Last month we explained how our pal Frank Wallic rebuilt a McCulloch supercharger for his roadster’s Flathead. We also stated that we were going to divulge the information we gleaned from our sources. Though the ’37 installation manual, parts listings, and brochures don’t account for a lot, they increase the amount of information currently circulating about McCulloch blowers by a log scale.

Before we start, bear in mind that McCulloch designations seem willy-nilly. The models usually designated 37 sometimes have 78 stamped on their tags instead—78 being the model designation for the 85-horse ’37 Fords. The year designations also seem to refer to the design date and not the vehicle model year. For example, we’ve seen models with 37 design hallmarks configured for ’35 and ’36 pump-in-head engines in McCulloch literature. And a brand designation doesn’t make a design model specific. For example, in the ’39 models only the ’39 Mercury unit fits the ’39 Ford DeLuxe. It just requires the 85-horse crank pulley for the smaller displacement.


The port adjacent to the oil-pressure sender port feeds the blower with a constant oil supply. The blowers drain by two ways, depending on the model. The ones that mount to Ford manifolds require an 11/16-inch-diameter hole on the driver side between the two leading bolts that mount the manifold to the block. A hose slips over the McCulloch drain, bends down 90 degrees, and presses into that hole. The blowers for the later models drain through a port in the supplied manifold.

McCulloch supplied 1/4-inch copper lines but oil from an unregulated supply will handily overwhelm the return port, fill up the gear case, and gush from the vent under the rotor. The “special fitting” that McCulloch indicated in the 1937 instructions likely has a restricted orifice. But flow metered by an orifice varies depending on oil viscosity, oil temperature, bearing tolerances, and engine speed. So it’s possible to set a level that’s perfect at idle or high speed but not perfect at idle and high speed.

Apparently McCulloch understood this because in the ’39 parts sheet it lists what it refers to as an oil-relief valve, which consists of a plunger, spring, and nut. The name and those parts’ descriptions indicate that the valve bypassed (or relieved) excess oil to the crankcase. Once set, such a valve would better maintain a specific oil level within the blower regardless of engine speed, viscosity, and so on. Unfortunately, small bypass valves are expensive.

Heated Intake Air

Heating the intake air is a good idea on a road-going engine with a wet intake manifold (one that transfers fuel as well as air). Most of us are aware of one benefit: a warm manifold prevents a carburetor from icing. But warm intake air also keeps fuel suspended as a finely atomized mist that more readily burns. It also improves combustion efficiency by accelerating the combustion rate.

McCulloch endowed all but its earliest superchargers with a means to heat the rotor housing. The rotor housing offered in 1937 looks like a hamburger bun with coolant ports on the side. The passenger port connects to a nipple threaded into a bung just below the water neck in the head. The driver’s port connects to a nipple in the upper radiator hose near the radiator or in the radiator itself. That plumbing gives the coolant a low-resistance path around the thermostats.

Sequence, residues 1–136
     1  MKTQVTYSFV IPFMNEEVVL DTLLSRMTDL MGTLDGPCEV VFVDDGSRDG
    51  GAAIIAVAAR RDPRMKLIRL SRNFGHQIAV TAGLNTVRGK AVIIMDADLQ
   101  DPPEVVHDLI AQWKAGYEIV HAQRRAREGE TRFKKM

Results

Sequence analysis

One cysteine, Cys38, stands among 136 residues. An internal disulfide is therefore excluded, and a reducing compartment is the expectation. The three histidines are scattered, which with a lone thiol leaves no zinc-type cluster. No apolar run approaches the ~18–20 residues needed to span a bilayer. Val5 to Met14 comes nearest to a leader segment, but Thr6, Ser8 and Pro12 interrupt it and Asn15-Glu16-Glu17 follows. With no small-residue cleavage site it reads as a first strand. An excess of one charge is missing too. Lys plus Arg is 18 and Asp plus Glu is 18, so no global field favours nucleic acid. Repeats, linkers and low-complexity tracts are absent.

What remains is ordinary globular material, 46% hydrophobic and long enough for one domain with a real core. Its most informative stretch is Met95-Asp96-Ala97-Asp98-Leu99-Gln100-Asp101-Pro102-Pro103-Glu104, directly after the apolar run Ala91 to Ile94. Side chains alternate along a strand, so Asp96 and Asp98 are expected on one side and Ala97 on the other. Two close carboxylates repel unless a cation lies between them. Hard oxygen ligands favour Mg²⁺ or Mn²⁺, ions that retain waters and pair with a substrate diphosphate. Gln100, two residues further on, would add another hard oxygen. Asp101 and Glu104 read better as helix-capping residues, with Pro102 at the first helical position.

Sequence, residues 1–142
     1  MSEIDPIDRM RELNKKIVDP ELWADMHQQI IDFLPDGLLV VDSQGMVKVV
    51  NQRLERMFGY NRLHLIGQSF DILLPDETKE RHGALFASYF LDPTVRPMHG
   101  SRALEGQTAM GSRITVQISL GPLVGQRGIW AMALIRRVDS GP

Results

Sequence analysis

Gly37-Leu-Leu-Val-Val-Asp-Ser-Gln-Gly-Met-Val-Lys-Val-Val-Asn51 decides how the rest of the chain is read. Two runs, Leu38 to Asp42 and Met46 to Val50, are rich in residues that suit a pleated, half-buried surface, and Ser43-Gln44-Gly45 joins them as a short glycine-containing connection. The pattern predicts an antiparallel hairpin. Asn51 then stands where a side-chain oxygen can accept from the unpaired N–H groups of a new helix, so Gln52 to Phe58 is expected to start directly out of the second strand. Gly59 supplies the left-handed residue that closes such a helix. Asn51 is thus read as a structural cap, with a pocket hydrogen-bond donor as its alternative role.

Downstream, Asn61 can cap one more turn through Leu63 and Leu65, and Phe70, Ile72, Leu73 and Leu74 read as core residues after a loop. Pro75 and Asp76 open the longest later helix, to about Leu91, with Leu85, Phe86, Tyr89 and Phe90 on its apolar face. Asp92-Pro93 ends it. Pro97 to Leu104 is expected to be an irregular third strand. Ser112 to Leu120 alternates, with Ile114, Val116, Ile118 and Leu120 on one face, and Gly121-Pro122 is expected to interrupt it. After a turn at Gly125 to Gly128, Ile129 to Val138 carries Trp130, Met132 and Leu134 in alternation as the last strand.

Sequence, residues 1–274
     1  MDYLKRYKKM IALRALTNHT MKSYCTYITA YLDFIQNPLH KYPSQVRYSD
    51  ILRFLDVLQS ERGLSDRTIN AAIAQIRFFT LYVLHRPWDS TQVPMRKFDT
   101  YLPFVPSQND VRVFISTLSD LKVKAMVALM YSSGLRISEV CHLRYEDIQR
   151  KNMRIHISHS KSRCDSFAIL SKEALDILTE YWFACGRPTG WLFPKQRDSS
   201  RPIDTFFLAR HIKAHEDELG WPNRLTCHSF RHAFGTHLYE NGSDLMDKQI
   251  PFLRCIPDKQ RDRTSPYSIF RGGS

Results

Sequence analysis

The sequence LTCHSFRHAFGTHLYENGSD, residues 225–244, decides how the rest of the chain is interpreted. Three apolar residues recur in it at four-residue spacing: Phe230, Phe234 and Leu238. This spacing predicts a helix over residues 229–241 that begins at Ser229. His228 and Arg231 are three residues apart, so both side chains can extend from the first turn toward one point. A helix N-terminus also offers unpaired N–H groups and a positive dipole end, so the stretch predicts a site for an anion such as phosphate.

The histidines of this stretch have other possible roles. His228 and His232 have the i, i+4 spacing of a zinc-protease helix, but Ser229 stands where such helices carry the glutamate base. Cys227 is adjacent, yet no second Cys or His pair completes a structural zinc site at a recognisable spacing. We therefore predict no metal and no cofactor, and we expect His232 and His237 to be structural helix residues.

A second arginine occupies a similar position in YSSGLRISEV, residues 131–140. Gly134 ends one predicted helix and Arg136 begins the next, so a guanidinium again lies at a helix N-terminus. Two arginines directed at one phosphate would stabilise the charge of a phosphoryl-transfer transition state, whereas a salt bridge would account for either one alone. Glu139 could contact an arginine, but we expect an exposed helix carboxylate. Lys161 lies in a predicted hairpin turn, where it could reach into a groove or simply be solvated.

McCulloch introduced its own manifold and redesigned the rotor housing in 1938. That design plumbs the hot exhaust gases from the crossover ports to a thermostatic-controlled intermediate housing below the blower outlet. The gases then go through the rotor housing.

In 1939 McCulloch reverted back to coolant to heat the rotor housing. The company produced two versions. A Ford-badged one fits all Fords to 1938, ’39 standards, and ’39 pickups. A Mercury-badged one fits the ’39 Mercury and the ’39 Ford DeLuxe passenger cars.

In the Ford-badged models a stubby radiator hose routes all of the coolant from the driver-side head to a neck on an intermediate housing that fits between the manifold and blower. The coolant ascends into the rotor housing and exits to the radiator by a large port cast in the top of the driver-side rotor housing. The high outlet means the Ford-marked blower won’t fit the ’39 Mercury or Ford DeLuxe. The passenger radiator hose fits as Ford intended.

The Mercury-badged design is a bit more sophisticated. The passenger head’s water outlet feeds one leg of a two-branch iron elbow. That feeds one side of an aluminum intermediate housing between the manifold and rotor housing. The other side of that intermediate housing returns the coolant to the second leg of that two-branch elbow, which connects to the upper radiator hose. To the best of our knowledge the thermostat mounts between the second elbow and the radiator hose.

We say that because the thermostat can’t mount where Ford intended it, on the head’s water outlet. A stem descends down into the passenger head water jacket. This stem feeds coolant to a fitting cast into the passenger-side rotor housing. According to the parts list, the fitting on the driver-side rotor housing feeds the coolant to a fitting threaded into a hole drilled in the driver-side water pump inlet. For what it’s worth, this is a potentially good return path for the earlier models to follow as the pressure is lower there.

Yes, we are aware that tuners go to great lengths to cool the intake charge in other blown applications but that’s generally an advantage at boost pressures greater than 8 psi. You’d be lucky to achieve half of that with a McCulloch blower, so take advantage of the other properties that a heated rotor housing offers. It does improve performance.